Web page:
July 2011, Volume 18, Number 3
EU: A8, Economy, Policy
There were 32 million foreigners in the EU 27 countries in 2010, making foreigners about six percent of the 500 million residents. Almost all of these foreigners, 29 million or 92 percent, were in the EU 15 countries that have about 400 million residents. There are also 11 million foreign-born residents who have become naturalized citizens of EU-15 countries, meaning a total of 40 million international migrants in the EU 15 countries, where they are 10 percent of residents.
The 40 million international migrants in the US in 2010 are almost 14 percent of the 310 million US residents. These migrants include 15 million naturalized US citizens, 14 million legal immigrants and temporary visitors, and 11 million unauthorized foreigners. There are far fewer unauthorized foreigners in the EU 15 countries than in the United States.
A8. On May 1, 2011, nationals of the so-called A8 countries that joined the EU in 2004 received freedom of movement rights, meaning that they can henceforth move to another EU country and seek work on an equal basis with local workers. The most significant impacts are expected in the old EU-15 countries that delayed freedom of movement by A-8 nationals for the maximum allowable seven years, including Germany and Austria.
Germany had 580,000 A8 nationals at the end of 2009, including 419,000 Poles (the UK had 550,000 Poles at the end of 2009). In Germany, almost a third of women from A8 countries are employed in health and caring professions, while a third of A8 male migrants in Germany are employed in manufacturing and construction.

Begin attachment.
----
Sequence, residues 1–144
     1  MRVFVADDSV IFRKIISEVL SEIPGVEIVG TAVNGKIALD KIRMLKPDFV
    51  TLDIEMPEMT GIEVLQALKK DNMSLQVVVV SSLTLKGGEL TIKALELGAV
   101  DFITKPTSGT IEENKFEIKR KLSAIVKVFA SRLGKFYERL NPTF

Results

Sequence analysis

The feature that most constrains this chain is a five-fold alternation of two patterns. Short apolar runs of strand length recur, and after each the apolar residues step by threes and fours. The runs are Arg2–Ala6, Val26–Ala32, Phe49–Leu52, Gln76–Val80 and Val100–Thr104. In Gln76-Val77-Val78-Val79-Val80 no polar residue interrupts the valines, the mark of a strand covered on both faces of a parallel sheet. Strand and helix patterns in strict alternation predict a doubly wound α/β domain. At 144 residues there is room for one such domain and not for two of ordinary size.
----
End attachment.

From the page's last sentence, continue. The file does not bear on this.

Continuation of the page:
The consensus estimate is that another 140,000 A8 nationals a year may now move to Germany, doubling the stock of A8 nationals in Germany to 1.3 million by 2020, this despite the fact that wages have risen in Eastern Europe over the past decade. Average wages of E5 an hour in Poland are expected to reduce incentives to migrate to Germany, where many A8 nationals earn E8 to E10 an hour. However, German unions expressed fears that more A8 migrants may slow wage increases.
Ireland, Sweden and the UK opened their labor markets to A8 nationals immediately in 2004, and most Southern European nations followed in 2006. Bulgaria and Romania are not members of the Schengen area and their citizens do not have freedom of movement rights within the EU. Bulgarians and Romanians may travel to other EU-member nations without visas, but cannot work in other EU-member nations unless they obtain work permits.
The EU in April 2011 called on its 27-member nations to take steps to integrate the 10 to 12 million Roma concentrated in Eastern Europe. Roma are five to 10 percent of residents in Bulgaria, Slovakia, Romania and Hungary.